Continued from page 1

Reggie Fils-Aime, the president of Nintendo of America, says the company is “aware of all the work that has been done in the field” and issued the warning based on that work. The warning, he said, is based on research that up until age 6, a child’s eye _ specifically the connection between the eye and the brain _ is still developing.

Nintendo, he said, wants to be “conservative and consistent,” erring on the side of safety.

Optometrists haven’t seen any sign that 3-D screens can cause lasting damage, but they also acknowledge that not much is known about how 3-D viewing affects us. Hunter, the ophthalmologist, agrees.

The optometrists' association announced this week that it has formed an alliance with the 3DAtHome Consortium, a group of TV manufacturers and Hollywood studios promoting the technology. The idea is that the two groups will share information about the effects of 3-D. In the future, Duenas said, 3-D movies might be preceded by public service announcements recommending vision examinations for those who have problems perceiving the 3-D effect.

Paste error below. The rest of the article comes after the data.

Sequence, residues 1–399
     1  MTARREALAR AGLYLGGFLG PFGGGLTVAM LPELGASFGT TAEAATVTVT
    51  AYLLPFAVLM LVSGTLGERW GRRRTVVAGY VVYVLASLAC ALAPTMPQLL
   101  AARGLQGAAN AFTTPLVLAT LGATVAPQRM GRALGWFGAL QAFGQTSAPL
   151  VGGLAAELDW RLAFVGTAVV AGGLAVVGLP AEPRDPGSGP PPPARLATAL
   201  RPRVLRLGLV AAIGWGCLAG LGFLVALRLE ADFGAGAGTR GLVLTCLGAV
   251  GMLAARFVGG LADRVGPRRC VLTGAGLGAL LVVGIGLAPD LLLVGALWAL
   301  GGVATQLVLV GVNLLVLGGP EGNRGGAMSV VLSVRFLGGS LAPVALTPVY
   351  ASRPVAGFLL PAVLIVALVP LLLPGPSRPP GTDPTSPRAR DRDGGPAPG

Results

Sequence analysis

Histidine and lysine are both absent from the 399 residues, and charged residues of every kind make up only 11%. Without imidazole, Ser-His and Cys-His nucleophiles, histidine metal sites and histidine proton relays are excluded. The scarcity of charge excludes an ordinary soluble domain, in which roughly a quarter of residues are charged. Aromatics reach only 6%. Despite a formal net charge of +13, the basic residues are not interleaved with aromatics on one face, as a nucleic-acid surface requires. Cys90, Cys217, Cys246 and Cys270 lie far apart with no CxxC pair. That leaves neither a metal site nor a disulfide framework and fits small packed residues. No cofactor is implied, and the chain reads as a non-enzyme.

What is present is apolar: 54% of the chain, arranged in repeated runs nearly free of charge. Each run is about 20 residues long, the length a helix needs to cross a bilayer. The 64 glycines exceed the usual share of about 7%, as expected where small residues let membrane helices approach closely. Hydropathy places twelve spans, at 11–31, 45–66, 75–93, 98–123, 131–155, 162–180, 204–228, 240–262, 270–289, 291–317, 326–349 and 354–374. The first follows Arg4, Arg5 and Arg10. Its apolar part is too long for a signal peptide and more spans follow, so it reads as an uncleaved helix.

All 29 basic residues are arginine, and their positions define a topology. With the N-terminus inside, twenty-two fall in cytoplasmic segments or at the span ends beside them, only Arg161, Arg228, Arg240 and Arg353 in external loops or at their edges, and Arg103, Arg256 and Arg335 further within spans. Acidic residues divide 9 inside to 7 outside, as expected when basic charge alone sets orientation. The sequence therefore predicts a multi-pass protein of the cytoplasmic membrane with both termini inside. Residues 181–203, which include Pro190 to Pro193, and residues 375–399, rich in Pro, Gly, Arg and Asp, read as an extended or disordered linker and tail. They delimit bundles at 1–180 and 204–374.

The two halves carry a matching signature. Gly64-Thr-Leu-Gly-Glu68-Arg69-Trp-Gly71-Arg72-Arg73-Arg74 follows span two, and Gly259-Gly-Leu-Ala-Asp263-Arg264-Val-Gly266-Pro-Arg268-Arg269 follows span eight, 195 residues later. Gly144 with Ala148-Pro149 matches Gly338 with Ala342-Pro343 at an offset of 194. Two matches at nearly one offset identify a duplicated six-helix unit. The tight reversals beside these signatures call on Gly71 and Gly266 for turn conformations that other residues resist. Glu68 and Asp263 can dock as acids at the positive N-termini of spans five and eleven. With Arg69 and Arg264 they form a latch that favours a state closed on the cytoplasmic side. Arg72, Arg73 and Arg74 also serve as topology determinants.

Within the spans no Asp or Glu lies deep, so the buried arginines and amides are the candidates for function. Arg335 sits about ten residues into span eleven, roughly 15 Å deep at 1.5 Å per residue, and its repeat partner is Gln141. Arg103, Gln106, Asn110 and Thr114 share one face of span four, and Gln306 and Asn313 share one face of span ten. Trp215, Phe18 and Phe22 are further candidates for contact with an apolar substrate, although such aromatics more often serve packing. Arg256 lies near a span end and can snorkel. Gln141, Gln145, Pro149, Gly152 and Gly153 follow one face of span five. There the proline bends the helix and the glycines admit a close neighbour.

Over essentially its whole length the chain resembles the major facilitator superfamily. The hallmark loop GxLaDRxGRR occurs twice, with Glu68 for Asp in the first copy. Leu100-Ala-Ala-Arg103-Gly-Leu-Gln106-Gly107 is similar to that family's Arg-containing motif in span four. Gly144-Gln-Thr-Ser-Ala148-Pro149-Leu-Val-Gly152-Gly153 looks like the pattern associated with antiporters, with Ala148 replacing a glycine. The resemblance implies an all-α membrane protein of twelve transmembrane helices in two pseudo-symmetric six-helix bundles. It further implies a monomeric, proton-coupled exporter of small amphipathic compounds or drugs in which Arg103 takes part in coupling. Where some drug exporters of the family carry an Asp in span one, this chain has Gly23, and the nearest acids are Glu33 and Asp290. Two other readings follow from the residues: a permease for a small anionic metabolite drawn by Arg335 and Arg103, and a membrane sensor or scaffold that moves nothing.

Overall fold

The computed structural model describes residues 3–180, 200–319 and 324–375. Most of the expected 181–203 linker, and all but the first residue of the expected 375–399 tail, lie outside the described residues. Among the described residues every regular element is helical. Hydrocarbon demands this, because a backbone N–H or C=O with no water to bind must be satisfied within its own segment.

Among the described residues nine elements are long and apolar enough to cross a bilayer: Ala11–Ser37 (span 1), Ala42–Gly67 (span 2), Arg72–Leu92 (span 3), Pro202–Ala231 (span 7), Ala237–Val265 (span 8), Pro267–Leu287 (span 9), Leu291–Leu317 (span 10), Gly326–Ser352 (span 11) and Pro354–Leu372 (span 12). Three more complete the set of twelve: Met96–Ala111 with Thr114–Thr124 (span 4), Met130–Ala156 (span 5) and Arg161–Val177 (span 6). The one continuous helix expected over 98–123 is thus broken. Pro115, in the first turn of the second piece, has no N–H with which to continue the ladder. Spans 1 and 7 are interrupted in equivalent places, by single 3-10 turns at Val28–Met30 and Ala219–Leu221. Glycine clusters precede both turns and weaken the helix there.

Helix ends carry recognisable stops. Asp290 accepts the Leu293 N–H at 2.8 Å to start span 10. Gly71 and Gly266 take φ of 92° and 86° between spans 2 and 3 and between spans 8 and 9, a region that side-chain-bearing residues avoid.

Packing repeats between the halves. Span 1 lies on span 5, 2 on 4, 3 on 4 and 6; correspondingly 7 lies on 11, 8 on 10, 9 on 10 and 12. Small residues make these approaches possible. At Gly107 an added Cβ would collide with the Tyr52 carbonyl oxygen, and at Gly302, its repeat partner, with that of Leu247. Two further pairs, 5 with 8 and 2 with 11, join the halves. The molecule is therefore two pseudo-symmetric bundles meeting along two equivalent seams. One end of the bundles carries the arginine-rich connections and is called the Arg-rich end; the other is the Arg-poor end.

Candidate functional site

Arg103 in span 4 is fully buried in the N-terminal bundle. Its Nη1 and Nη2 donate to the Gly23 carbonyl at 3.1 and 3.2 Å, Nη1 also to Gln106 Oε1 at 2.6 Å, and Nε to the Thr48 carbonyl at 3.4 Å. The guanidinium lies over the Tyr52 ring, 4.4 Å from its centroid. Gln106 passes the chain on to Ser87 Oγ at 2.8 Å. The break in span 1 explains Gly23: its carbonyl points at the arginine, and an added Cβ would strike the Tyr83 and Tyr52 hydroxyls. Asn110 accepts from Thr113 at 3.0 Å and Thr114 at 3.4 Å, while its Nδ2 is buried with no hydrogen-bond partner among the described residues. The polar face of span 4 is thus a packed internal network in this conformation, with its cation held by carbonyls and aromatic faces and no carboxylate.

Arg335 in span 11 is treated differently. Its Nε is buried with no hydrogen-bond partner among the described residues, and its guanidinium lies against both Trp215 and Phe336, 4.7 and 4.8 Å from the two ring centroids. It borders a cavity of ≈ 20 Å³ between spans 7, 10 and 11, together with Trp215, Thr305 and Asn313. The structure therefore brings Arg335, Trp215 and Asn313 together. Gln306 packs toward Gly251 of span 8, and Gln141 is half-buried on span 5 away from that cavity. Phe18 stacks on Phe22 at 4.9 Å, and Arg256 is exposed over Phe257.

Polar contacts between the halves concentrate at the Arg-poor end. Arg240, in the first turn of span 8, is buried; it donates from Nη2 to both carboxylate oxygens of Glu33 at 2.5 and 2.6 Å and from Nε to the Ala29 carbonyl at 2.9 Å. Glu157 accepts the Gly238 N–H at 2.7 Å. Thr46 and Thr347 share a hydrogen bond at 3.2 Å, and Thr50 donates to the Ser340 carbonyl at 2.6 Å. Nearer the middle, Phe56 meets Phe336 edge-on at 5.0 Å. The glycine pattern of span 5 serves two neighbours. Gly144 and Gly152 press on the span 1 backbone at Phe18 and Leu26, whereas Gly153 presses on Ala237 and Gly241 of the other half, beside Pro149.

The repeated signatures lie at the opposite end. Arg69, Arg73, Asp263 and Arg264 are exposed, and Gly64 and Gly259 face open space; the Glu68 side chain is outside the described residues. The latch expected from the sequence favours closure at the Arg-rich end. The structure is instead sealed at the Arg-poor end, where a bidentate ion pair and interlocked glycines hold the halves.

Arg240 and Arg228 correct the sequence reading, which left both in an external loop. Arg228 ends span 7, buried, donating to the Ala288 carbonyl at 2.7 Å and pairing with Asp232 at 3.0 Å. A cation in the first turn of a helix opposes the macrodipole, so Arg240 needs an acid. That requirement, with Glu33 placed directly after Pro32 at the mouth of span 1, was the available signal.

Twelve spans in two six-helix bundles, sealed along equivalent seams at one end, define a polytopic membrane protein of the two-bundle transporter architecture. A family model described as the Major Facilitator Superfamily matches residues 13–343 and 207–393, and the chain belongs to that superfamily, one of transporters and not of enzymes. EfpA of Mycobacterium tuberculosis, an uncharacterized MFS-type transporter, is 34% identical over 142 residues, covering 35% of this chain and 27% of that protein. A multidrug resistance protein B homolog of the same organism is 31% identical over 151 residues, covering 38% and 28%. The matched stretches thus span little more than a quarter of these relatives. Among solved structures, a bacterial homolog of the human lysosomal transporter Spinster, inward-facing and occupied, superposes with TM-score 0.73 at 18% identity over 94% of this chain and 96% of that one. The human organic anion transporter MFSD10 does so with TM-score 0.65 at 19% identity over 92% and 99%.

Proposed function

Dr. Jim Sheedy, director of the Vision Performance Institute at Pacific University in Forest Grove, Ore., said parents should limit kids’ use of the 3DS just as they limit computer or game console use.

“Is there a limit on how much a child should be viewing 3-D? Yeah. How much is it? I don’t know. Let’s use some sound judgment,” he said.

He noted that the No. 1 health issue associated with console and computer gaming is obesity, rather than eye problems.

“Kids should be out running around,” he said.


AP Technology Writer Barbara Ortutay contributed to this report.



American Optometric Association’s 3-D page: